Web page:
Thinking About Buying a Telescope? Here Are 9 Helpful Tips


Buying a telescope can be one of the best purchases you ever make; whether you want to be an astronomer or just want to indulge a new hobby.

The best part about stargazing is that anyone can do it. An Australian minister named Robert Evans currently holds the record for discovering more than forty supernovae, just by using a telescope in his backyard, and with no formal training. But when it comes to figuring out which one to buy for beginners, it can be a bit tricky.

So, here are a few helpful hints to ensure your stargazing venture is a success.

1. Refractors are the long and skinny ones with the L-shaped eyepiece at the end. They use lenses. These are the most commonly sold telescopes and are the most portable for practical use. Most cheap telescopes are refractors, but not all refractors are cheap. The bigger the aperture (diameter) the more expensive they get.

2. Reflectors are a little fatter and have the eyepiece on the side rather than at the end. They use mirrors, rather than lenses, and can be more affordable than refractors when the apertures begin to increase. Reflectors can be very nice, but they are also a little finicky, which means spending more time adjusting the alignment. They are also generally bigger and require more effort to transport.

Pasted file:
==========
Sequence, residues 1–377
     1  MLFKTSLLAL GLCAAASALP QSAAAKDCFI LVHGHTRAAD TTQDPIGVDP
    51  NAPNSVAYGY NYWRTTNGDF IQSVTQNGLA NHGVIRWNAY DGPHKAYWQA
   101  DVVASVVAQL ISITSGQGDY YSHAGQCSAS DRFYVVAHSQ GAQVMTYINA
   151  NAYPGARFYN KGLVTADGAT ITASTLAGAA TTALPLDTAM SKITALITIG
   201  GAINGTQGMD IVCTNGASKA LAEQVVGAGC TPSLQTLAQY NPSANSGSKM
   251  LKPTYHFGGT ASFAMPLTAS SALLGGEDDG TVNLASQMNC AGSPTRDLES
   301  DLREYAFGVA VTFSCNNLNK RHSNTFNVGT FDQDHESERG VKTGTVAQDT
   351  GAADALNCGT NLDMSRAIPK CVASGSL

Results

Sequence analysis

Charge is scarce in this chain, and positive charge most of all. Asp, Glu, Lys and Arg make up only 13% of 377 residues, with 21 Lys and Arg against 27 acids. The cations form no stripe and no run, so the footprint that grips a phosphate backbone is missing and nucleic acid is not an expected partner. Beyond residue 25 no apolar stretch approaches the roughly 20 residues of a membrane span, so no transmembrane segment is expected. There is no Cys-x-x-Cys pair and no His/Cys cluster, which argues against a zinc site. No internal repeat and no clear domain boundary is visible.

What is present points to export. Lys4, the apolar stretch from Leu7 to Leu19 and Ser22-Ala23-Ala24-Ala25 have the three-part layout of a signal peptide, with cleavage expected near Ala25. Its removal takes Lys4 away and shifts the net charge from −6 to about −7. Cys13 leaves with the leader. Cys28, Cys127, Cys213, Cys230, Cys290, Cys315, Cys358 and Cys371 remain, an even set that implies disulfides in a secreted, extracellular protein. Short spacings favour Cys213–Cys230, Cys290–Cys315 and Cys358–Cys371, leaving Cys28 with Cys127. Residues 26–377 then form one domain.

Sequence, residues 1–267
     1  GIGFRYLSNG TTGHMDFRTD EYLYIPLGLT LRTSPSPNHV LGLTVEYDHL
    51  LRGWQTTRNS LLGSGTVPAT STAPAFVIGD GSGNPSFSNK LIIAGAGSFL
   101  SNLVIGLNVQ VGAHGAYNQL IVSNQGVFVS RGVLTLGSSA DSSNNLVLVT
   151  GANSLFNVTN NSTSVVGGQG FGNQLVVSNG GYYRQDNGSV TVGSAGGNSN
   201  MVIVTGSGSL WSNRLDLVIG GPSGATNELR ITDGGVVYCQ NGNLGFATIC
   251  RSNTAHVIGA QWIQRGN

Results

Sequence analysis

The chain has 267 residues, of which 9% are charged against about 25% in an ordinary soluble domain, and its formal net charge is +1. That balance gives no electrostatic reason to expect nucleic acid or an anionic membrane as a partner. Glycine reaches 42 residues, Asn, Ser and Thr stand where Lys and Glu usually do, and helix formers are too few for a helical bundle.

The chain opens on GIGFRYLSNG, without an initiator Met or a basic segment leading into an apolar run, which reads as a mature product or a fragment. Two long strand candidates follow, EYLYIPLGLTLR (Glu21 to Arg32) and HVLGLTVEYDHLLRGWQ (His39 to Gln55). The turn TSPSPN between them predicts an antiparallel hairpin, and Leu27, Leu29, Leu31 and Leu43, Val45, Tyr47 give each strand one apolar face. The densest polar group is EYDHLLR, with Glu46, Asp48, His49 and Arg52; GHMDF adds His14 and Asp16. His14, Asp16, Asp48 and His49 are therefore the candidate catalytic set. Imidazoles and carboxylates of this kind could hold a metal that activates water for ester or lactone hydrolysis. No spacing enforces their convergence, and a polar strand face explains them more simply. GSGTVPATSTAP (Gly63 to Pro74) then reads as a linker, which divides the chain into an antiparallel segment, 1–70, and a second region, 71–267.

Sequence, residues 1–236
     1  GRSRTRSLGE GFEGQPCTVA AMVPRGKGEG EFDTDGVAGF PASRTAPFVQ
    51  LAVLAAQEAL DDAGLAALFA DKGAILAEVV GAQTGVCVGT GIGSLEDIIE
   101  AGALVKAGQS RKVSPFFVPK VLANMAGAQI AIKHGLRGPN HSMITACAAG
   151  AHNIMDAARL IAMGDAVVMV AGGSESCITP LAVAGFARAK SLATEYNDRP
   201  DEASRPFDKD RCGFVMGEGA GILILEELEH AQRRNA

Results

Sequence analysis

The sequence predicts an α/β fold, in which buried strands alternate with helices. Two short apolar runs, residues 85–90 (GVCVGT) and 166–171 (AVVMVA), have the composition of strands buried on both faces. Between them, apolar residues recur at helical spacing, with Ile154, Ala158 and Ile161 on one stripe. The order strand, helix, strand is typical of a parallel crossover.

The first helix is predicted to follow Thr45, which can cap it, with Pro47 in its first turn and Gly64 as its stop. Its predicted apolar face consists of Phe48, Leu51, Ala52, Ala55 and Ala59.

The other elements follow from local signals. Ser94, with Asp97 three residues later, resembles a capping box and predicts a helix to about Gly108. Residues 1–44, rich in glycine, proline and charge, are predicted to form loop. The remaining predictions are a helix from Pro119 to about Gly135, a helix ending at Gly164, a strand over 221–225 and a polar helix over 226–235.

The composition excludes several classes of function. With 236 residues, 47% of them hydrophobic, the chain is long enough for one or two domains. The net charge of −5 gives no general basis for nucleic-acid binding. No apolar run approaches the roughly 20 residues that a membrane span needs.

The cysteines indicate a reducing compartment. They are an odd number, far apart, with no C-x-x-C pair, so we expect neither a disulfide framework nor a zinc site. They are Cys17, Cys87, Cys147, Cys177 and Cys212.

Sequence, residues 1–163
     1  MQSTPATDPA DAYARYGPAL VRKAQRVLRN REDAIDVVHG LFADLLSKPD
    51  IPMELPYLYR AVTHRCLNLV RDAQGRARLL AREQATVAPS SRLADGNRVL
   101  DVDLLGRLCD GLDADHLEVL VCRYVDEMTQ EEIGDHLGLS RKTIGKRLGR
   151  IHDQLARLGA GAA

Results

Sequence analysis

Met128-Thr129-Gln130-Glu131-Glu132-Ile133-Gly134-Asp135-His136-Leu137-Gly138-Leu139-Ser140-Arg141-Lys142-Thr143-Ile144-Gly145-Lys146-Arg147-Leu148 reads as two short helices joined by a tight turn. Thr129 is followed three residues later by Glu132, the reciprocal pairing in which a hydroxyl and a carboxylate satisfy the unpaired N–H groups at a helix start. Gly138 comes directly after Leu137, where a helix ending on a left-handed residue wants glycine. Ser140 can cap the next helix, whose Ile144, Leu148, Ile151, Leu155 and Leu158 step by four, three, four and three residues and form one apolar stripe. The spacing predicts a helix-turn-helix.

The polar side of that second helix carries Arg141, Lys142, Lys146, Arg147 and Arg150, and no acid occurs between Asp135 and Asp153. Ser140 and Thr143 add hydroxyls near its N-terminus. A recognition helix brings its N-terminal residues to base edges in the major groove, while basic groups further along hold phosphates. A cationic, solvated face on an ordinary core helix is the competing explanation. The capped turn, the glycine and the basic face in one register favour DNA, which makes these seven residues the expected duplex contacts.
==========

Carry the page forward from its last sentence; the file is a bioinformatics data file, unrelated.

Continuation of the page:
3. Compound telescopes use both lenses and mirrors. They are usually a bit slimmer, weigh a little less, and give you the biggest bang for your buck. These telescopes are a marriage of reflectors and refractors.

4. Go-to telescopes are mounts that can be programmed to track celestial objects on their own, which means less time tracking and more time observing.

5. Mounts are just as important as the telescope. After all, what good is a telescope if it won’t stay in place when you want it to? Do your research and invest in a good mount, it’s worth the money.

6. Binoculars are a wise investment for a few reasons. They give you a wide field of view, they allow to survey an area of the sky that you’d like to focus on, they’re inexpensive, and in areas with little light pollution they can offer amazing views.

7. Aperture is just the size of the telescope in terms of the diameter of the optical tube. Think of it like the size of a TV, that is, if the bigger the screen meant the more of the picture you could see.

8. Focal length can be tricky to describe, but it’s nearly as important as aperture. Essentially, it’s the length between the lens and its focus, which can mean the difference between a clear picture and a fuzzy one.

9. Cost is important for a first time buyer for many reasons. You don’t want to buy something that’s too expensive right away, but if you get one that’s too cheap then you may be have a less fulfilling experience. $200 to $400 is fair for decent new telescopes for novices, but looking for used ones that the previous owner barely touched is actually a great way to start out.